Last night, Apple's Tim Cook had a swipe at rivals to his company's new Apple Pay payment system, saying that many had "started by focusing on a business model that was centered on their own self-interest instead of focusing on the user experience." It would be naive to think Apple's new system was purely for the good of mankind of course, but considering Cook's statement, it may come as a shock just how much the Cupertino company looks to bag from its new venture.
According to Bloomberg (speaking to three sources "with knowledge of the arrangement" Apple has made with US banks), Apple could look to take a substantial cut of the $40 billion dollars that US banks make from so-called credit card "swipe fees". While the sources couldn't pin down specific figures (it's believed that Apple has cut individual deals with each Apple Pay partner, and may earn a different commision based on the relative price of a transaction), the related banks are said to be happy with the arrangement as they expect mobile payments to skyrocket as a result of the feature.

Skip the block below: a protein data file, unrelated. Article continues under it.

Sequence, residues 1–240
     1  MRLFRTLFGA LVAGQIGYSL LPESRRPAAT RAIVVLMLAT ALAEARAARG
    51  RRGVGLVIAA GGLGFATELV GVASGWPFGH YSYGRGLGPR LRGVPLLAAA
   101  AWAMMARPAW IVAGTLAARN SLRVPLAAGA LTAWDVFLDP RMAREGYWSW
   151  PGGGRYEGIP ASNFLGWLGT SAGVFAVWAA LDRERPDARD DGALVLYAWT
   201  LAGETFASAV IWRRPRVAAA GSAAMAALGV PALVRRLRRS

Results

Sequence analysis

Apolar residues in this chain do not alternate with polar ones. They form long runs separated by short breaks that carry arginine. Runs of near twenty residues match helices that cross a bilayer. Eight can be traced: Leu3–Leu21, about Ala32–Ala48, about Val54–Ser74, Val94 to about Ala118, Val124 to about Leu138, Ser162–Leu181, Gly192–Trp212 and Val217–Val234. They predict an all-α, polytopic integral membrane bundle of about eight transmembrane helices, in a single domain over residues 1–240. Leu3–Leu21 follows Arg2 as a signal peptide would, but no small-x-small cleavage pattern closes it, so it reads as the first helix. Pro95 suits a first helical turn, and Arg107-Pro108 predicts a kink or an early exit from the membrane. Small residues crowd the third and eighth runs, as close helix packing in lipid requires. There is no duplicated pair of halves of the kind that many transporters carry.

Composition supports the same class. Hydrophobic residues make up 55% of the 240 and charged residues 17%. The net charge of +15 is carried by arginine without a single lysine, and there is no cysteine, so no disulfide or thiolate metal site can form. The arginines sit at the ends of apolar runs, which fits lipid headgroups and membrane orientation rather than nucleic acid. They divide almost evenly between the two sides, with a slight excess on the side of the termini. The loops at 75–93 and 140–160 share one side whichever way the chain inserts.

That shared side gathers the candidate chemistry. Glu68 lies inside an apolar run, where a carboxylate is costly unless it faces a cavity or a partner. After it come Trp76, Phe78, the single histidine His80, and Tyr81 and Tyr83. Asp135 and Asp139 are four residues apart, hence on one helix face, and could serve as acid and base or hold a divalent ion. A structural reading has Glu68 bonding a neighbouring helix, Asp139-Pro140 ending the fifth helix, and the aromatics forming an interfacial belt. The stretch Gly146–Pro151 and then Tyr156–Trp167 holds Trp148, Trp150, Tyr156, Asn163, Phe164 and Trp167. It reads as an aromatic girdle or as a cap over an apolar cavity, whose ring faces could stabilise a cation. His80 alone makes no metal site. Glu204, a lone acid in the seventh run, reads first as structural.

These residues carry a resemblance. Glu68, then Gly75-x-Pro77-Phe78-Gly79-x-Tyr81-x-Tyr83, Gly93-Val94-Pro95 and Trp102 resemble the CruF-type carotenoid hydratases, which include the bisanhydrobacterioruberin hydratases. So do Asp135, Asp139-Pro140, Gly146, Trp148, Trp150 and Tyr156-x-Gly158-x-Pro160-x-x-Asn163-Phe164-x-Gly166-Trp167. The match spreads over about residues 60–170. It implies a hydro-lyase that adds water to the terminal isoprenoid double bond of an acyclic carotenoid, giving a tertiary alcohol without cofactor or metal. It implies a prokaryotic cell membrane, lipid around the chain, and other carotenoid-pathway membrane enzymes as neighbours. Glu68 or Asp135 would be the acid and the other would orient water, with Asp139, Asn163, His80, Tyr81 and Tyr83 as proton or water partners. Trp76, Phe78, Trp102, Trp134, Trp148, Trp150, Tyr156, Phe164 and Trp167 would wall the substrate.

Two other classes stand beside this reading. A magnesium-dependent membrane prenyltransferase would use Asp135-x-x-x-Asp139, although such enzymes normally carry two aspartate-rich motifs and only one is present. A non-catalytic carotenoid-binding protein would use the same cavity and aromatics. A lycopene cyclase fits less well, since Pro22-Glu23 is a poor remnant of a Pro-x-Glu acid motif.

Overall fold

Apple's set to take a big chunk of the pie, but that pie's set to get way bigger, with the mobile payments market estimated to be worth $90 billion by 2017, with those projections thanks in no small part to Apple's entry to the finance arena. [Bloomberg]